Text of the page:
Sand as the solution to the world’s energy woes? Or, more precisely, silica? The Sahara Solar Breeder Project is a plan by universities in Japan and Algeria to provide 50 percent of the world’s electricity by 2050.
By building manufacturing plants across the Sahara Desert that would extract silica from sand to make solar panels. The facilities would then be used to build solar power plants. And so on and so on, until the breeding strategy can deliver 100 gigawatts of electricity.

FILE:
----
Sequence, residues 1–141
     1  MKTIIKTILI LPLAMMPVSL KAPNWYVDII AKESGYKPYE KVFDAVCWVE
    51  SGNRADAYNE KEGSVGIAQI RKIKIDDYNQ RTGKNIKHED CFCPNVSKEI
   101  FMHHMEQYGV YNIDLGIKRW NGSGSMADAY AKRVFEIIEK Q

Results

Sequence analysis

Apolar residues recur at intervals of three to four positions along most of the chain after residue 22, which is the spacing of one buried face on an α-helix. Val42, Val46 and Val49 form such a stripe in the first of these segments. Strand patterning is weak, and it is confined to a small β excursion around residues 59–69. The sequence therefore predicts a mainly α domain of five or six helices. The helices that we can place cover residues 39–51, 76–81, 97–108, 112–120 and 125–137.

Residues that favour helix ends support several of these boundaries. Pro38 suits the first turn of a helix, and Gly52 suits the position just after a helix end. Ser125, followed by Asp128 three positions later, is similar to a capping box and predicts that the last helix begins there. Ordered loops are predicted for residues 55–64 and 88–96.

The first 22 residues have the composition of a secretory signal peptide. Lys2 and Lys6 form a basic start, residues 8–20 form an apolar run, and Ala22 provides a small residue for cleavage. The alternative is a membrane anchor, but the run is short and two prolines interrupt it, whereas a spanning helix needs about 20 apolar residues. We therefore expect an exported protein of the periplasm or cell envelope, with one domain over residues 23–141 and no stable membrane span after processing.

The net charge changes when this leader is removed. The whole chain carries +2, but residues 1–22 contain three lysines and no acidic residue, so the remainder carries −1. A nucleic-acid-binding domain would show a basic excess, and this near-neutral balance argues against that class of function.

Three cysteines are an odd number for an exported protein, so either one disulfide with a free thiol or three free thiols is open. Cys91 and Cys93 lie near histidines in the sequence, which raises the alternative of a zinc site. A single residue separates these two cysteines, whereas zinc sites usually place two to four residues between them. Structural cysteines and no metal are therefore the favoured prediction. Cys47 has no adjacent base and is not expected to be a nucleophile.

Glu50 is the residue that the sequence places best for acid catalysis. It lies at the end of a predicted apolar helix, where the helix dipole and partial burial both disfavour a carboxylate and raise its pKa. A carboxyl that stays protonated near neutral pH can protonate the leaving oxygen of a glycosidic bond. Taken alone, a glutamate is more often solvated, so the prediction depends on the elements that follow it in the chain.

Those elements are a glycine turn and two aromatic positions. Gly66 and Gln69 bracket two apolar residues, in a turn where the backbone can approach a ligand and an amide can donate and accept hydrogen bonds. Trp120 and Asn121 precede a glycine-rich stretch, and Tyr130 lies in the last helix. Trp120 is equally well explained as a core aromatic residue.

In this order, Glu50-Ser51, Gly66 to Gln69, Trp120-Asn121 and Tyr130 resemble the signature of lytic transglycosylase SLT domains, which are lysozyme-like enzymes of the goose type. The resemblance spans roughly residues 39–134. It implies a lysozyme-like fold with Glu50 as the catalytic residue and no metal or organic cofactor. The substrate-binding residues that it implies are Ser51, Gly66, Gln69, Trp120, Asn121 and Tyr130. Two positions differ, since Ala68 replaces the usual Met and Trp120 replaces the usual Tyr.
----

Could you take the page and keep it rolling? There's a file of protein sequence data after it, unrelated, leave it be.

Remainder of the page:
Is it a great big idea? Sure. Will it work? Time will tell.
The Sahara Solar Breeder Project would take advantage of all the silica and sunlight found in the North Africa desert. One snag: The technology for transforming desert sand into silicon and then solar cells doesn’t exist yet. Also just a concept: The supergrid that would connect the desert to the world, requiring liquid-nitrogen cooled cables buried deep underground.
The universities plan to spend about $2 million U.S. on the research over five years, in hopes that the technology will be embraced by developers and used to build the project.